Christmas beetle numbers on the decline as imposter numbers grow


Just like Santa Claus, when it comes to Christmas beetles the real thing is bigger, rarer and shinier than the fakes that abound in Sydney’s centre at this time of year.
Experts from the Australian Museum say the Christmas beetles reported in Sydney’s more populous areas are likely two impostors, an Argentine lawn beetle and the native chafer.
”Clearly some people are confusing them,” said Chris Reid, a research scientist with the Australian Museum Research Institute.
There are about seven species of Christmas beetles found in the bushier areas of Sydney, including suburbs near the Royal National Park and Ku-ring-gai.
The impostors are dull brown and about 1.5 centimetres long. In contrast, the real thing is shiny, often an iridescent green or metallic brown in keeping with the season, and twice as large.
To tell apart the species, entomologists look at the insects’ bums, which are easy to see, Dr Reid said. The king beetle, about 3.5 centimetres long, has a dull-green rear, he said. Another large species that reached pest proportions in the 1920s had an orange tufted rear.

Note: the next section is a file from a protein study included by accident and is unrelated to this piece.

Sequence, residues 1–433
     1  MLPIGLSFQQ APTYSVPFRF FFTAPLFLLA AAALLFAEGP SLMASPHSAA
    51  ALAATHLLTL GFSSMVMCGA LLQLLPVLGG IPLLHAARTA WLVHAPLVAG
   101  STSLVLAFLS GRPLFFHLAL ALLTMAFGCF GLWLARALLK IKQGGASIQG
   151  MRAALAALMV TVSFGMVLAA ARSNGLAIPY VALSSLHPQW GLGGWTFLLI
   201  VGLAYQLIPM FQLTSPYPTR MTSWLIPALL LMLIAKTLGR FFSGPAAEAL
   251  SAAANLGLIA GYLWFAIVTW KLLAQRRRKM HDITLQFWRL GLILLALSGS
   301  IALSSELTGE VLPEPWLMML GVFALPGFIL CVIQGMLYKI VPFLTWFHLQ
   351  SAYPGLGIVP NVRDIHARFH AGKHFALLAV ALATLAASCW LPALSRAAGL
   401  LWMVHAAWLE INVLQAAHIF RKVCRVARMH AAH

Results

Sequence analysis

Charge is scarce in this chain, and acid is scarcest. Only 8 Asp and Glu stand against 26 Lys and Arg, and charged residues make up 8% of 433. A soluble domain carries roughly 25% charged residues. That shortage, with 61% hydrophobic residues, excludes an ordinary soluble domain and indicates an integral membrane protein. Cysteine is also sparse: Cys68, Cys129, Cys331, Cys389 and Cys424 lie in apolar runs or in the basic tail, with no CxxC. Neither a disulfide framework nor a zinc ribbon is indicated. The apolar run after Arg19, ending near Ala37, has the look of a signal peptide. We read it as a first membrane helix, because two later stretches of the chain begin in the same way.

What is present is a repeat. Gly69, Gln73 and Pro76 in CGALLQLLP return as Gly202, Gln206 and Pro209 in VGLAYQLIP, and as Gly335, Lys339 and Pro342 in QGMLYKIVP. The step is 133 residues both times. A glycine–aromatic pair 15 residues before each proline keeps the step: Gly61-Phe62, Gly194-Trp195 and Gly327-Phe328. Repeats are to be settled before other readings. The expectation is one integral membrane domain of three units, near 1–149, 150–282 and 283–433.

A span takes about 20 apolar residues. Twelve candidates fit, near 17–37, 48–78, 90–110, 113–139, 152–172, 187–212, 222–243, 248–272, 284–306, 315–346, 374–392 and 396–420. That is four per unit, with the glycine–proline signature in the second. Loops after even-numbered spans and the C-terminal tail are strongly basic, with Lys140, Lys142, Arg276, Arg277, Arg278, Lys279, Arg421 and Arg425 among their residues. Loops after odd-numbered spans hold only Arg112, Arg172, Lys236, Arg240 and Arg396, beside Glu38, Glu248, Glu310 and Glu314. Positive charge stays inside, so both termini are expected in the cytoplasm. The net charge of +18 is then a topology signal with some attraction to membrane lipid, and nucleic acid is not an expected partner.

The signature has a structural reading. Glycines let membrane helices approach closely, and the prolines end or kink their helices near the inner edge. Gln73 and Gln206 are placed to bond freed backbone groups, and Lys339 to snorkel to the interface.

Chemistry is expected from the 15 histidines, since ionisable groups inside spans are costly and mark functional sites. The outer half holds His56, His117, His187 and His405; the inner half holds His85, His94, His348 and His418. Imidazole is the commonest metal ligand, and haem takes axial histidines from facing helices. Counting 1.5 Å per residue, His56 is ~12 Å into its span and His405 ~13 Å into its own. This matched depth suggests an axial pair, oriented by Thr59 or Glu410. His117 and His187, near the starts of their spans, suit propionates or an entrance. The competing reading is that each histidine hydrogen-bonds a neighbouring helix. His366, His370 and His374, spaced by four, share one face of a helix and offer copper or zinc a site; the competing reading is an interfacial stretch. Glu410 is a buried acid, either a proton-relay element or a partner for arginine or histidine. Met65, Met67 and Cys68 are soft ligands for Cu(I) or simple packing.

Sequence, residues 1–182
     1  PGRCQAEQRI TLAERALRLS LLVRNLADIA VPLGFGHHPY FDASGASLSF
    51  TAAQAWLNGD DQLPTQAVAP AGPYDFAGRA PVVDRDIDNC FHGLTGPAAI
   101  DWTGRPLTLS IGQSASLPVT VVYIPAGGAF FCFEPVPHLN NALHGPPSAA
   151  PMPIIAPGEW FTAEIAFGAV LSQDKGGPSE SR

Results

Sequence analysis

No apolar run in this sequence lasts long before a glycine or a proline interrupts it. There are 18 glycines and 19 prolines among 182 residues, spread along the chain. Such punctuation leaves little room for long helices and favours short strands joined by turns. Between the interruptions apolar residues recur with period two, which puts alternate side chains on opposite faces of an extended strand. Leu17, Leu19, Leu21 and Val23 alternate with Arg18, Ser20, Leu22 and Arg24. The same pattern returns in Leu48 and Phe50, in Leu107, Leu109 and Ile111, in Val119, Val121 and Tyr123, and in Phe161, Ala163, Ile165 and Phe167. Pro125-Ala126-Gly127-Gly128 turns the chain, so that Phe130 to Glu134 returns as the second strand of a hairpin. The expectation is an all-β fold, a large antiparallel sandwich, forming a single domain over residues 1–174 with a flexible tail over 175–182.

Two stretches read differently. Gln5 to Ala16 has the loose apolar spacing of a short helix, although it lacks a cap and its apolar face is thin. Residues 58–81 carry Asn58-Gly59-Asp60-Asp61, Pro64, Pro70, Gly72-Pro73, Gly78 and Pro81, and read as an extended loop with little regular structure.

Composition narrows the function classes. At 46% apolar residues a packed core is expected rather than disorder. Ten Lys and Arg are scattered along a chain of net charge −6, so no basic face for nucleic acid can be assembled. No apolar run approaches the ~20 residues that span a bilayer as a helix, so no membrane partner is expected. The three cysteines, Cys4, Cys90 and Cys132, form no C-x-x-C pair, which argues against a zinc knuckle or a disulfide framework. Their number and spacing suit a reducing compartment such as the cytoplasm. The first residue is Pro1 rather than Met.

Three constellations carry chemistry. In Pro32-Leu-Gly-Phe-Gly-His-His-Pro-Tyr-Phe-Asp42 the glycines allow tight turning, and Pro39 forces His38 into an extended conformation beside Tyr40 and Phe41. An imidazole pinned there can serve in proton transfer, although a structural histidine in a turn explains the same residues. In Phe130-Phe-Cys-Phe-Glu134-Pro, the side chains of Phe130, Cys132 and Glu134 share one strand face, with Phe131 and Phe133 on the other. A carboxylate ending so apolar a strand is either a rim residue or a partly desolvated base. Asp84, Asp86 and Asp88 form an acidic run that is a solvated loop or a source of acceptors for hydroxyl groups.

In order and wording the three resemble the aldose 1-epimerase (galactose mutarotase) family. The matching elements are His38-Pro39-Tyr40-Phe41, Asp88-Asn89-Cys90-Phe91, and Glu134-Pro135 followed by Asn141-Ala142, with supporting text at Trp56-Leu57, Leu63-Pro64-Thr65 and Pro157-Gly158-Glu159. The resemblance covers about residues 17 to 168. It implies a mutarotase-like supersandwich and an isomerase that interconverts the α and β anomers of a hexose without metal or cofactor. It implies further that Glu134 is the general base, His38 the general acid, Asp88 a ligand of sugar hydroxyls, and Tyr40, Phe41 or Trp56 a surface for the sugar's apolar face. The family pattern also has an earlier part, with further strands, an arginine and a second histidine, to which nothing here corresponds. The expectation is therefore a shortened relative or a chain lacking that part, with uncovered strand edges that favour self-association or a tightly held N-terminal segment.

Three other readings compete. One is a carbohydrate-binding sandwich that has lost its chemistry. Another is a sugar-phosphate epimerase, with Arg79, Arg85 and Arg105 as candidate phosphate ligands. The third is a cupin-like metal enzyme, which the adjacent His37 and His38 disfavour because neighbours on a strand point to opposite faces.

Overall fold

The washerwoman species of Christmas beetle has a shiny posterior and is about 2.5 centimetres.
”In the 1920s, there are records of Christmas beetles being so common around the harbour that the branches of eucalypts were hanging down into the water,” he said.
While Christmas beetles are common in rural areas, the washerwoman (a type of scarab) is considered a pest in areas such as Armidale, Dr Reid has not seen one in the inner city in the past 15 years. But he has seen many impostors, which people may mistake for Christmas beetles. The impostors thrive in garden lawns. While they are growing in numbers, Christmas beetle numbers are falling because of the decline in habitat.
The adults mainly feed on eucalyptus leaves and prefer open woodland to forest, thriving in pastures where trees have been left in place. On farmland they can form dense masses on remaining eucalypts, chomping through leaves, sometimes killing their hosts, while their larvae feed on roots, usually grasses.
Correction: The caption on the original version of this story said the Argentine lawn beetle was on the left and the native chafer was on the right, instead of the other way around.

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